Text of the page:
The Quebec City mosque where six men were shot to death in 2017 wants Parliament to toughen and pass a gun control bill currently being studied in the House of Commons.
Boufeldja Benabdallah, a spokesman for the Quebec Islamic Cultural Centre, told the Commons public safety committee Thursday that the bill, known as C-21, should be amended to include a comprehensive and permanent definition of banned assault-style weapons.
“We don’t need weapons of war,” he said, adding that he wants the definition to include all military-type semi-automatic weapons “that are not reasonably used for hunting.”
Six members of the mosque were killed and five wounded on Jan. 29, 2017, when a gunman opened fire shortly after the end of evening prayers.
The federal Liberal government banned some 1,500 models and variants of firearms, including the AR-15 and Ruger Mini-14, through an order-in council in May 2020 on the grounds they have no place in hunting or sport shooting.
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But gun-control advocates have since been pushing for a clear Criminal Code definition of assault-style firearms.
Benabdallah, a co-founder of the mosque, said that Public Safety Minister Marco Mendicino assured him that such an amendment to the bill was coming.
“The government needs to do this and I’m confident because we discussed it verbally with Mr. Mendicino when he came to the mosque,” he said.
Bill C-21, introduced by the Liberals in May, would “freeze” the purchase, sale, transfer and importation of handguns in Canada. The importation ban has been in place since August through an interim order.
The handgun measures are part of a broader firearms-control package that would allow for the automatic removal of gun licences from people committing domestic violence or engaged in criminal harassment, such as stalking, as well as increase maximum penalties for gun smuggling and trafficking to 14 years from 10.
Businesses could still sell handguns to exempted individuals, including elite sport shooters who compete or coach in events recognized by the international Olympic or Paralympic committees.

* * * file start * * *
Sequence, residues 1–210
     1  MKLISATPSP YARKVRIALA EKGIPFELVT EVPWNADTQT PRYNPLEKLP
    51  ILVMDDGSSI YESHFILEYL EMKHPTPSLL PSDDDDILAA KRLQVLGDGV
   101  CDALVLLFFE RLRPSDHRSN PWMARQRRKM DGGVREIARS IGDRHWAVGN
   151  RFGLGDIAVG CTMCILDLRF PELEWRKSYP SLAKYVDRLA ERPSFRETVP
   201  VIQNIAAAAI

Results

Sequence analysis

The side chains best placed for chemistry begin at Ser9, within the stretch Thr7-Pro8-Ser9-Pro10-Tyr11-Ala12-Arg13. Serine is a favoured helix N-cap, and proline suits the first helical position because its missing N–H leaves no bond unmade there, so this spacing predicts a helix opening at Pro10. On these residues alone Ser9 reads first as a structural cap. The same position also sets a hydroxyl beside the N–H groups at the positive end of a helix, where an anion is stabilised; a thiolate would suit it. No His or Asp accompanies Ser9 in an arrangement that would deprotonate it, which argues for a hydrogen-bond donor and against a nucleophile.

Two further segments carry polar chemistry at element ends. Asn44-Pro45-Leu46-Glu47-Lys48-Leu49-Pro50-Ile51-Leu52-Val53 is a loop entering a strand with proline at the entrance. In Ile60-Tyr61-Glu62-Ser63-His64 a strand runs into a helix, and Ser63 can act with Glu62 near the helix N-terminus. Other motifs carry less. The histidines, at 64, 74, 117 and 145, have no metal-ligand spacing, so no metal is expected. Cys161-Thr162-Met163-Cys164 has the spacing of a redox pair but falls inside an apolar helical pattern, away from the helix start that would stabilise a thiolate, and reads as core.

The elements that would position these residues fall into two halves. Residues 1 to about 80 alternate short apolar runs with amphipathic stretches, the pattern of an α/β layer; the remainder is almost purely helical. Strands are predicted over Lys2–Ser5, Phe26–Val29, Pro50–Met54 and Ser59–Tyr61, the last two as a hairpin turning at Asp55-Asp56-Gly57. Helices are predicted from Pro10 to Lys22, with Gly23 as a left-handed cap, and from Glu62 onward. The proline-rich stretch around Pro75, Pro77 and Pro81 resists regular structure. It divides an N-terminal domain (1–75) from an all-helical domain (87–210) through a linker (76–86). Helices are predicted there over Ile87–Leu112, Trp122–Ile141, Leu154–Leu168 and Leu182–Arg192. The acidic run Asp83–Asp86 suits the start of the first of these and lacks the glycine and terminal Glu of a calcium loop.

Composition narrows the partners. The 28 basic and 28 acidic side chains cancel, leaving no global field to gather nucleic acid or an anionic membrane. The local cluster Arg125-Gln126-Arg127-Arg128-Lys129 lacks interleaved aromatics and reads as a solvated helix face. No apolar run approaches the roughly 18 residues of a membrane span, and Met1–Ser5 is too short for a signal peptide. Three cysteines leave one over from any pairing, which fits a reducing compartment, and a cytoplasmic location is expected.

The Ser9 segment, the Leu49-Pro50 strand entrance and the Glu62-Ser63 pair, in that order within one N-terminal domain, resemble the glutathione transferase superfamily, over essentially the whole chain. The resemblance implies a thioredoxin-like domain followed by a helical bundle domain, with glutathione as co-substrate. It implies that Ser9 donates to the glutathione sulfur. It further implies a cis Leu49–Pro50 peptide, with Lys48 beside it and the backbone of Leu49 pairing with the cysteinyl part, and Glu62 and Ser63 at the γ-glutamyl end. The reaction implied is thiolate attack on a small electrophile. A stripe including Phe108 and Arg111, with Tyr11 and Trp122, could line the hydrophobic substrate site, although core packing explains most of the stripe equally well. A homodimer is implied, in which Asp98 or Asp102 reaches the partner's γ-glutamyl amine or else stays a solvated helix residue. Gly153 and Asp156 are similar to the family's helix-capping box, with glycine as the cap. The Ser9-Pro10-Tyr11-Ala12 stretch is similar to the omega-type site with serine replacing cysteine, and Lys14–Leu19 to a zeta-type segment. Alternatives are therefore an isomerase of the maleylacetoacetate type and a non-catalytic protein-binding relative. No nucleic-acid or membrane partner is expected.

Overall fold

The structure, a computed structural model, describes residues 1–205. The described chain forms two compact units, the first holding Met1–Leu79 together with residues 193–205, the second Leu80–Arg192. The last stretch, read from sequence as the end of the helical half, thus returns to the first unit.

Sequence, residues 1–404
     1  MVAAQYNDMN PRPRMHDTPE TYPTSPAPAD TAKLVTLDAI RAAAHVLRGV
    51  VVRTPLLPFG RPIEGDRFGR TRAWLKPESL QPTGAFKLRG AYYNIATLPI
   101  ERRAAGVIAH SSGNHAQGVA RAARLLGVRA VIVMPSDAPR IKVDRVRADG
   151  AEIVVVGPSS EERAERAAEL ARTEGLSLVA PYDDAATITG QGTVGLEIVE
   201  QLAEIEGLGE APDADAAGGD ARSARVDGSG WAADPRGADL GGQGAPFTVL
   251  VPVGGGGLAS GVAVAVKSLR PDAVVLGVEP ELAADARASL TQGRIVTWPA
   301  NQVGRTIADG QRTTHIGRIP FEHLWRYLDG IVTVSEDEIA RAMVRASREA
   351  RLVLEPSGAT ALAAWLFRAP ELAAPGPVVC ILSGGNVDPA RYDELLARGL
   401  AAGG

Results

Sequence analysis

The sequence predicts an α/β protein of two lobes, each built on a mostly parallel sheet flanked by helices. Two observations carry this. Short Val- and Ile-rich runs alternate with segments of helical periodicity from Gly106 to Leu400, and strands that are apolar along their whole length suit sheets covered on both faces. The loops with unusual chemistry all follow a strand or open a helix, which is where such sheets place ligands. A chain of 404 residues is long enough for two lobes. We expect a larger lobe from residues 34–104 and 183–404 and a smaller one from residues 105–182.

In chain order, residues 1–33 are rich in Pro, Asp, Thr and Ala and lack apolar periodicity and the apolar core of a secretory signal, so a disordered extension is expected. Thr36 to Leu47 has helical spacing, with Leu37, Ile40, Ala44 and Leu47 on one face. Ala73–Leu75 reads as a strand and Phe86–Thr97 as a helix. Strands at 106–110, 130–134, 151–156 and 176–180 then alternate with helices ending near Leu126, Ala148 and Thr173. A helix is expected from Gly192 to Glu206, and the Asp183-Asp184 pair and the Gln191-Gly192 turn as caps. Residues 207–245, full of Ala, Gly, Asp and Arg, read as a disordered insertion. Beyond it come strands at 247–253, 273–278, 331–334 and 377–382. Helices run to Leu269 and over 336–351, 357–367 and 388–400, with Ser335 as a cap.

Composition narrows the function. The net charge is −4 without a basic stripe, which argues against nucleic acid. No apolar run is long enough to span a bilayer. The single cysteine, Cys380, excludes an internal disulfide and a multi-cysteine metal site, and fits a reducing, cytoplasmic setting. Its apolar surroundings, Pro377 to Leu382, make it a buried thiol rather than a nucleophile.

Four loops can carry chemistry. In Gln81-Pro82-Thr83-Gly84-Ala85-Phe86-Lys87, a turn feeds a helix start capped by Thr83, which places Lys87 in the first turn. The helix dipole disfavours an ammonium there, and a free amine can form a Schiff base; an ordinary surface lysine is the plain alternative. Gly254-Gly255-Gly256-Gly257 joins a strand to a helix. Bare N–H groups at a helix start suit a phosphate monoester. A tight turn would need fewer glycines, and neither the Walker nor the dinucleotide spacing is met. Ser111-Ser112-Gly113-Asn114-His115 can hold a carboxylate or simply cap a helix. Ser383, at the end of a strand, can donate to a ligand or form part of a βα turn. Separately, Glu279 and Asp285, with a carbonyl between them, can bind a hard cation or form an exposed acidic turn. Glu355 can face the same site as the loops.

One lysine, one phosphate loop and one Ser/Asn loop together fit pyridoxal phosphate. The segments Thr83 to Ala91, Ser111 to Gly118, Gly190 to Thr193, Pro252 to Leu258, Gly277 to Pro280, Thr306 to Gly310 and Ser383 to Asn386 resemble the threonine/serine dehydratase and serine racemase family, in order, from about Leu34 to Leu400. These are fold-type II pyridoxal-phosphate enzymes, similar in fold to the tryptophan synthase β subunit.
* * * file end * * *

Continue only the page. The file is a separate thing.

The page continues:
Sport shooting groups have called for those exemptions to be expanded.
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However, Ken Price of Danforth Families for Safe Communities told the committee he wants to see “some clarification and perhaps tightening of some of the exemptions, which I think are well meaning, but could lead to an undermining of the goal of freezing and reducing the number of handguns in the country.”
Marcell Wilson, founder of crime-prevention group One by One Movement, was more critical of the bill in his testimony Thursday.
He told the committee he doesn’t think the proposed freeze would prevent firearm incidents like one he experienced as a youth who took fire from a shooter.
“If Bill 21 had existed, or a bill like it, would it have prevented this traumatizing experience from happening to me? I strongly say that it would not ? Because I’m confident he did not use a legal firearm to shoot at us that day,” he said.
Asked by Liberal MP Pam Damoff about a donation the One by One Movement got from the Canadian Coalition for Firearm Rights, Wilson said his group received $6,000 two years ago.
Wilson, who identified himself as a former street gang member, said he had never seen criminals obtain guns legally.
On that point, Bloc Quebecois MP Kristina Michaud said that while it is important to stop illegal weapons from entering Canada at the border, crimes are being committed with legal guns.
“We have the evidence with the witnesses who are here today that there are owners of legal guns who have committed despicable crimes,” she said.
Edmonton Police Chief Dale McFee said he welcomed some of the provisions of C-21, including the fact that it would allow for a crackdown on modifications to firearms. However, he expressed reservations about the idea of a national freeze on handguns.
”In the short term, we can expect those who want to acquire (handguns) will find alternatives, increasing incidents of smuggling, 3D printing and conversion of airsoft guns,“ he said.